The usual Conference season recess of three and a bit weeks was brought to an abrupt halt last week following the Supreme Court judgement that the prorogation of Parliament was unlawful. Prorogation and recess are of course different beasts, but whichever way one might cut it, it is entirely usual that Parliament does not sit from the end of the second week in September returning on the second week in October. It has done this for 80 years for conference season. It is also quite normal for a further period for a Queen’s Speech to be prepared. Call it prorogation or recess plus, it amounts to much the same. I won’t try to explain the deficiencies of the decision of the 11 Supreme Court Justices in this brief article, but this goes to the heart of our constitutional arrangements. For those who are pleased that Boris Johnson’s new government has been given a bloody nose, allowing judicial intervention into political decisions is truly dangerous ground that will never end well. Governments of either flavour should have the right to exercise executive powers: it is then up to the electorate to weigh up those decisions taken at election time. From a legal point of view it was interesting that the reference legislation cited in the judgement was the Bill of Rights of 1689; amazing how truly historic legislation echoes through the ages.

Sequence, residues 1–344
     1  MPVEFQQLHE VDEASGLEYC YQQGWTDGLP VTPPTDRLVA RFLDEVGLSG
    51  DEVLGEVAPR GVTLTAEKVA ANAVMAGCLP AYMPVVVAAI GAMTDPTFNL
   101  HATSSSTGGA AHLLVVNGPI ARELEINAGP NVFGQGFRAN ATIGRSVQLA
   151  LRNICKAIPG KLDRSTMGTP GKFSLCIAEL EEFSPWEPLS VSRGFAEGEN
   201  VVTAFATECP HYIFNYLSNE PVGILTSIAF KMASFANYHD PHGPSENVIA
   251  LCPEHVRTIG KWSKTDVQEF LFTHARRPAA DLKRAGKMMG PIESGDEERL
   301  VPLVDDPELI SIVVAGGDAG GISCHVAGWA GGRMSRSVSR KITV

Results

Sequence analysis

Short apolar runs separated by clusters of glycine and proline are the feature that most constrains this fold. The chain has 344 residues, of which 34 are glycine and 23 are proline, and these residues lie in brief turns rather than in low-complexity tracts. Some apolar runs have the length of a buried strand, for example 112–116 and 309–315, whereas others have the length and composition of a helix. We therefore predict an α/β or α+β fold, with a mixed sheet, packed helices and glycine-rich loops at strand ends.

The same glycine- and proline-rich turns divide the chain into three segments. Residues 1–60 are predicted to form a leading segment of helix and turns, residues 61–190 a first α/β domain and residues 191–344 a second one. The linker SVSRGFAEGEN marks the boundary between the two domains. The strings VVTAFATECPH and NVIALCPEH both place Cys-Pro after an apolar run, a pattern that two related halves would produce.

The truly bizarre aspect of this labyrinth laid out is that the opposition can, at any time, call for a vote of no confidence in the government, or support a move for a general election. They have chosen neither and we remain in deadlock with a zombie Parliament incapable of deciding on anything. We returned to Westminster last week for two days of non-debate, listening to the same words from the same people that we’ve been hearing for the last 3 years as the tone hit fever pitch in their attempts to stop Brexit.
To add to the truly spiteful and vindictive nature of the current political scene, the opposition parties, who had already enjoyed their own planned annual conferences, have denied my Party the same normal annual event. Myself and colleagues remain stuck at Westminster in case of more on-the-hoof shenanigans.
The most uplifting part of last week was being able to address a full house of constituents at St Peter’s Church hall, Broadstairs with the subject of Brexit. This follows a similar event some weeks ago in Sandwich. The message from residents was clear – ‘please just get on with it’. I couldn’t agree more. The contrast between our desire to deliver on the referendum and get on with the normal functioning of government promoting policies that matter to the lives of the electorate and the obstructive behaviour of others couldn’t be more stark.